Picks: Palm Reader, The Wonder Years, Bleed From Within

The Picks feature has existed under one guise or another for a few years now. This one’s special.

Because of that, I’m dropping the usual theoretical ‘we’ and taking responsibility for some big words. I’m Chris. And our first recommendation this week is the best album I’ve heard in years.

Palm Reader
Palm Reader/Silent Cult

Braille is a gobstopper. No album since I started reviewing has better combined sweetness with being as hard as nails. It changes flavour, gives more and more the deeper you go. And if you chuck it at an unsuspecting innocent in the street it’ll take their fucking head off. That’s where the frivolity ends because I’m dead serious about this record. This isn’t just the best thing Palm Reader have ever done. It’s the best thing anyone has done for ages. Every note on this album is weighty, has value, so much so that having a favourite song would be silly. But ‘A Lover, A Shadow’ is staggering. Palm Reader are the band. It’s that simple.

The Wonder Years
Sister Cities
Hopeless Records

Such is the creative footprint of The Wonder Years by comparison with their peers that it’s worth acknowledging one’s entry point before diving into a review. I knew very, very little of their work before being seduced by No Closer To Heaven in 2015. It’s a compliment to say that Sister Cities is a fitting follow-up. Present and correct are the intensity of emotion, the spacious storytelling, the crunch of the guitars and Soupy’s breathtaking vocal performance. If you’re not moved by ‘Pyramids Of Salt’ this won’t be the album for you. But you’ll miss out on ‘It Must Get Lonely’ and the title track, and that’s your loss.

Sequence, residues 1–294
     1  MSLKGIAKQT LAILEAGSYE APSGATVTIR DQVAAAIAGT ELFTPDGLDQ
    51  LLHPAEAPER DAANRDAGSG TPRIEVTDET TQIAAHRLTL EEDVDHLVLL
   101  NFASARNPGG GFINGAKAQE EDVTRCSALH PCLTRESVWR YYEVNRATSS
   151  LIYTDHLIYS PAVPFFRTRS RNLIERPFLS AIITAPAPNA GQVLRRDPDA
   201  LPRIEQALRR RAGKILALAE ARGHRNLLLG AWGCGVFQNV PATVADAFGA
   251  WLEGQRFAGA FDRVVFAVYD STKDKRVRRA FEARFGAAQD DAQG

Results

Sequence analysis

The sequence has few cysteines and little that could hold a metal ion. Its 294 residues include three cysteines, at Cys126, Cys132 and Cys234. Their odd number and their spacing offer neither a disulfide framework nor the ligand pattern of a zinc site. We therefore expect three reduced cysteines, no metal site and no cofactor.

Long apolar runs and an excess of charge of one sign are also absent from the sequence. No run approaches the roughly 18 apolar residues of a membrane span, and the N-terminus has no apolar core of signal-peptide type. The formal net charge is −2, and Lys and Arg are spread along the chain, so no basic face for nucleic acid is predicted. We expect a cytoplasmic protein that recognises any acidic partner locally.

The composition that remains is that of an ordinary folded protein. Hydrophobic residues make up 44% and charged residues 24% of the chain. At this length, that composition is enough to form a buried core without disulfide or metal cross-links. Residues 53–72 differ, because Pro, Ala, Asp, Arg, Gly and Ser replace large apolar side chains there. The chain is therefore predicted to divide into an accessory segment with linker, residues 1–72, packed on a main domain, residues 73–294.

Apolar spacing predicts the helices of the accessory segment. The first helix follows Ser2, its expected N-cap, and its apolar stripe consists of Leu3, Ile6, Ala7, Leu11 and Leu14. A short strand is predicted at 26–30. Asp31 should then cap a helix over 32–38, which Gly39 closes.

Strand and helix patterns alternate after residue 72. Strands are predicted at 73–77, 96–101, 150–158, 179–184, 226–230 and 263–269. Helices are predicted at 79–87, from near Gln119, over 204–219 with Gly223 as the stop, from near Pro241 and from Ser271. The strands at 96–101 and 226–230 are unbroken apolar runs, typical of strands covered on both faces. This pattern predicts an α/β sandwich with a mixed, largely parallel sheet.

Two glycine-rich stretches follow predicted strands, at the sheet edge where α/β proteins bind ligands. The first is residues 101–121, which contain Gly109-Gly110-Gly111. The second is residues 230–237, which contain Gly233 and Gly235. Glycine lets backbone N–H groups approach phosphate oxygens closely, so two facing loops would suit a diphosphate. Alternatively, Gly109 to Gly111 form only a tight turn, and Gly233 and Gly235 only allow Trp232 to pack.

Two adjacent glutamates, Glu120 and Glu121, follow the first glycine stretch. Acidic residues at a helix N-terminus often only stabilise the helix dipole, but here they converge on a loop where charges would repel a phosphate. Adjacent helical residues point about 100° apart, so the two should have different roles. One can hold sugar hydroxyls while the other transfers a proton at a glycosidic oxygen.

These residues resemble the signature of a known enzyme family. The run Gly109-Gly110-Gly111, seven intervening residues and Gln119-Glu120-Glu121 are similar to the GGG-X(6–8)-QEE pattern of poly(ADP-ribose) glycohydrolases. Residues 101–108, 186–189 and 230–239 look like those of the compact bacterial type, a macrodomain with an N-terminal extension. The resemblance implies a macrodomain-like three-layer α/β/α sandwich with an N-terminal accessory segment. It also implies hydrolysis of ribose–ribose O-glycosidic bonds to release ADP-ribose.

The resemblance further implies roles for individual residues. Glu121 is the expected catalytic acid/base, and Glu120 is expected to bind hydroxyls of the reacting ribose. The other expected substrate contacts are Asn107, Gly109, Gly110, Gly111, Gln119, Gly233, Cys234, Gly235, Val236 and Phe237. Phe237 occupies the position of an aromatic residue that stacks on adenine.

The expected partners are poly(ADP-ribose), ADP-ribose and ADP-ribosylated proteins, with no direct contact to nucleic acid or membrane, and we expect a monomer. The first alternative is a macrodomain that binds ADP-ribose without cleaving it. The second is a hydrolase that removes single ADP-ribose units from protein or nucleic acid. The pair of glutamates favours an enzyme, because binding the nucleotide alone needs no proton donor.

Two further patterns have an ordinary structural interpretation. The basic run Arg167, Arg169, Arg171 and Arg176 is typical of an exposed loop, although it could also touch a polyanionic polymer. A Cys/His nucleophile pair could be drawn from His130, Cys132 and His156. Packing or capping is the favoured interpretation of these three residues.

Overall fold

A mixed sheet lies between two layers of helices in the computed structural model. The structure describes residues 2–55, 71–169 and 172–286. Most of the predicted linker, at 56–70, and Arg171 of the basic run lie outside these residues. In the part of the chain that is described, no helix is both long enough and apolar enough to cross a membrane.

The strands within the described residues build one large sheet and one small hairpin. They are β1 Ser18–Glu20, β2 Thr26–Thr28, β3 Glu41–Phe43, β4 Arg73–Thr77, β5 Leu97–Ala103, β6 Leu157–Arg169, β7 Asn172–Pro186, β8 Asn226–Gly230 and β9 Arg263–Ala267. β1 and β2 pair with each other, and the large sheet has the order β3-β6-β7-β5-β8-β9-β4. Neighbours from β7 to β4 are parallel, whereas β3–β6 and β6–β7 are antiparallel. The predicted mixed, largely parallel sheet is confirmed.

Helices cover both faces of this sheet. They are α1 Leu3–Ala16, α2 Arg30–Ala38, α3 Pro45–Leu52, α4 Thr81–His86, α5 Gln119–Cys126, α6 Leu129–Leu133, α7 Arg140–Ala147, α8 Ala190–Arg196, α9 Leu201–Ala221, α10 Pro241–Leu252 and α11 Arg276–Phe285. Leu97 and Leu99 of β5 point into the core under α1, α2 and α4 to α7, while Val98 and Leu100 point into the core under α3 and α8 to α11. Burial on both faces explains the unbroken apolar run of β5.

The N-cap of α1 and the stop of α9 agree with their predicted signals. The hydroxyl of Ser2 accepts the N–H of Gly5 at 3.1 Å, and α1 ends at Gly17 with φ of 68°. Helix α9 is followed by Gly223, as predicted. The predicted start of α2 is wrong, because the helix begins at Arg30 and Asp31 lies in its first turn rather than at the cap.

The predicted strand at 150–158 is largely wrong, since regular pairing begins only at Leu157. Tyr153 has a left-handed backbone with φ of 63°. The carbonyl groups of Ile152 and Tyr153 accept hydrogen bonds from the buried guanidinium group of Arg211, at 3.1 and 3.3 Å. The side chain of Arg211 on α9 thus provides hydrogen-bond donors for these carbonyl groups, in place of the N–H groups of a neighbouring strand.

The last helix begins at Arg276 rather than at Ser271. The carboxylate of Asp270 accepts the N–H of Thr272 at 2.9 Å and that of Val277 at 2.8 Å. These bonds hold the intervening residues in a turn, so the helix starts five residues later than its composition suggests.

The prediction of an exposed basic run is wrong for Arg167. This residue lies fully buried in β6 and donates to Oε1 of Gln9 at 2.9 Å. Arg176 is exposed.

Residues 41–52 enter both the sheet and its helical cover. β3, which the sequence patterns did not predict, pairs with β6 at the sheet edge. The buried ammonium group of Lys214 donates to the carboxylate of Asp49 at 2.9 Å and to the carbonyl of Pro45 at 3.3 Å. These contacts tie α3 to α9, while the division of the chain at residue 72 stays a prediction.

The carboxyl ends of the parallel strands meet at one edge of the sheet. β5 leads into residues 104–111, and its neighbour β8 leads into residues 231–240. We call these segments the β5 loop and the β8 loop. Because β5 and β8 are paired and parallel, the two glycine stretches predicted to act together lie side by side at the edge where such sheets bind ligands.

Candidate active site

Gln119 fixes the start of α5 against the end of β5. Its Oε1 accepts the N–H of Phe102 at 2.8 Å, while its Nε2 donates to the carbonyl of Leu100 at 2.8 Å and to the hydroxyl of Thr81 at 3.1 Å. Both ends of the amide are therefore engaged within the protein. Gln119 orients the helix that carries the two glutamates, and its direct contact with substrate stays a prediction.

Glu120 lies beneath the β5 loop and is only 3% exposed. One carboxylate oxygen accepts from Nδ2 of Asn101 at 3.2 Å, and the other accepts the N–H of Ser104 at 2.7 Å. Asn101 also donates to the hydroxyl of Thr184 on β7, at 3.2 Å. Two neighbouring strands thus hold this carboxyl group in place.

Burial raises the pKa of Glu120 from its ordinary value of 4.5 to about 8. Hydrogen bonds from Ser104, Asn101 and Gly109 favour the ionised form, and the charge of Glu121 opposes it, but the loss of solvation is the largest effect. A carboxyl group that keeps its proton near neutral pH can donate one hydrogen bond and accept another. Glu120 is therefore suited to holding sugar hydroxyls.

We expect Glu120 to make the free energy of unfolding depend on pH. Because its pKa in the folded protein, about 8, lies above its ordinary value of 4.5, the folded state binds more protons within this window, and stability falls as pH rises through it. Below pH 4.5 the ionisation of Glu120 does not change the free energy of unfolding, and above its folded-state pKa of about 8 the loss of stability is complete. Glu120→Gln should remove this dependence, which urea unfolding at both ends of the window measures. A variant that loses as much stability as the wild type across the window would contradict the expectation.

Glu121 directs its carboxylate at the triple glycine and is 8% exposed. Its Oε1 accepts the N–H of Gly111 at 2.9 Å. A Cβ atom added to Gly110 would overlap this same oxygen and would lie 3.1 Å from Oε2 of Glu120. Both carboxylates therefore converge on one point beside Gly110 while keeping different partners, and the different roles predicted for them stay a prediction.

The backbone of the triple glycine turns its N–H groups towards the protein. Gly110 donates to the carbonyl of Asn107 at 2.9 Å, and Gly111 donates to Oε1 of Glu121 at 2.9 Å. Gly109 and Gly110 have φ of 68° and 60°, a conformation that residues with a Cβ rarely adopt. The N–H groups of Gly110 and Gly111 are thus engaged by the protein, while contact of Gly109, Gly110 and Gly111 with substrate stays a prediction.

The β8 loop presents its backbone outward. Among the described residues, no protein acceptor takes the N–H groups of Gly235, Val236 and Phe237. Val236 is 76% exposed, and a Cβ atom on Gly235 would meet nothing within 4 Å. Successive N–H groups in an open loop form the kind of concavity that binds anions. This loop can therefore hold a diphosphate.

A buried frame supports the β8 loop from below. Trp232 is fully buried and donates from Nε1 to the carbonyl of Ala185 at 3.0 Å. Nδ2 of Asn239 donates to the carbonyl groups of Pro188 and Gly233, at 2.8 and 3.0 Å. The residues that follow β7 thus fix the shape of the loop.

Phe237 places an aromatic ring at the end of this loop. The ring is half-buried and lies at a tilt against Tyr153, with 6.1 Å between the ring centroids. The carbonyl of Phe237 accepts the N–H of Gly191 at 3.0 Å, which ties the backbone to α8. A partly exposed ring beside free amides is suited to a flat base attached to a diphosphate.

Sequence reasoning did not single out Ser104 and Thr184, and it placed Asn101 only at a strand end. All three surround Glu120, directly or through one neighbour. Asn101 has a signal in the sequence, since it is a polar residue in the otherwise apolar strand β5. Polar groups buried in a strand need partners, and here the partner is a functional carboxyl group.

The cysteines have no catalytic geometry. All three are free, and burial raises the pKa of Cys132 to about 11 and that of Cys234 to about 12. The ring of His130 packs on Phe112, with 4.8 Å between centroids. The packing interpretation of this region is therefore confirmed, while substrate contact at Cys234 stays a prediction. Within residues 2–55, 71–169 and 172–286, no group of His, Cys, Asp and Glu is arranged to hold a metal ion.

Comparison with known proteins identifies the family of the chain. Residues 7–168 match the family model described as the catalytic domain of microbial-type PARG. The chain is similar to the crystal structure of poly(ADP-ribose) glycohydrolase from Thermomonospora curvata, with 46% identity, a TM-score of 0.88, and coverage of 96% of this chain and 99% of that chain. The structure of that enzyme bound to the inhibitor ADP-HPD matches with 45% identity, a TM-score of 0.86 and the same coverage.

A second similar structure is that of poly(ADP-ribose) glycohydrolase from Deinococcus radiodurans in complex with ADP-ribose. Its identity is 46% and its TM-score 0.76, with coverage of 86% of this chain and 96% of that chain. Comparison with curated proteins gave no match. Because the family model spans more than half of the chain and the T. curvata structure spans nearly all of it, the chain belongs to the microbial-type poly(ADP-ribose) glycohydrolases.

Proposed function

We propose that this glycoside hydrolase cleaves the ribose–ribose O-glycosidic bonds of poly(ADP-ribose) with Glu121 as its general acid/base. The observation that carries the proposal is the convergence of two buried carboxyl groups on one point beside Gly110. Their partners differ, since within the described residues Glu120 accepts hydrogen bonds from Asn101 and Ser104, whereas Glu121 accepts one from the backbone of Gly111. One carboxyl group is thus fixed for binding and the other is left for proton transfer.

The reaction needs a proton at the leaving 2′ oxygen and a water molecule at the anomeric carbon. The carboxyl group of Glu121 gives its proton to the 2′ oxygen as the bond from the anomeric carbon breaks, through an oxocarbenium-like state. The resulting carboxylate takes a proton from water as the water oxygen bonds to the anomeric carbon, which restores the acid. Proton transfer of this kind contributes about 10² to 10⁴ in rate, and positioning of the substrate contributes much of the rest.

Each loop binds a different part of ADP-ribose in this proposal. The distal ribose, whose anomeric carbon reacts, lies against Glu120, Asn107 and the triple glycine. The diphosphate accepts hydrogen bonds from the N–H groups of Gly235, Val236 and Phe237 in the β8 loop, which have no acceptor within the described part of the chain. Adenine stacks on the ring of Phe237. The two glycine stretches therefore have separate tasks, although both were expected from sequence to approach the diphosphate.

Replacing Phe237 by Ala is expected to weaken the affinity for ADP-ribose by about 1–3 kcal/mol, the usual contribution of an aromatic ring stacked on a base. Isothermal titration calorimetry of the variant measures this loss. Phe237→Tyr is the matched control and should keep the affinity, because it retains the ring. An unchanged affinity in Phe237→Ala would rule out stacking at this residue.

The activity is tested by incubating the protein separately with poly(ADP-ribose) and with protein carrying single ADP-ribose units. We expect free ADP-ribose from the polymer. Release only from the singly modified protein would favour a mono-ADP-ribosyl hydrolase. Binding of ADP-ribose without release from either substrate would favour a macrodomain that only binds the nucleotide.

Bleed From Within
Century Media Records

If I knew little of The Wonder Years, I knew nothing of Bleed From Within. Era is the fourth album from this Glaswegian metalcore band and it clocks in at a whopping 55 minutes. There’s a lot to enjoy within that time. Bleed From Within combine the better elements of a host of inferior bands and deliver them to a much higher standard. Better vocals. Bigger and better riffs. A far better ear for groove. When the beatdown in ‘Clarity’ takes hold it’s clear that Era has much to give, even before ‘Crown Of Misery’ smacks you around the chops. That seems to be a habit. Lovely stuff.

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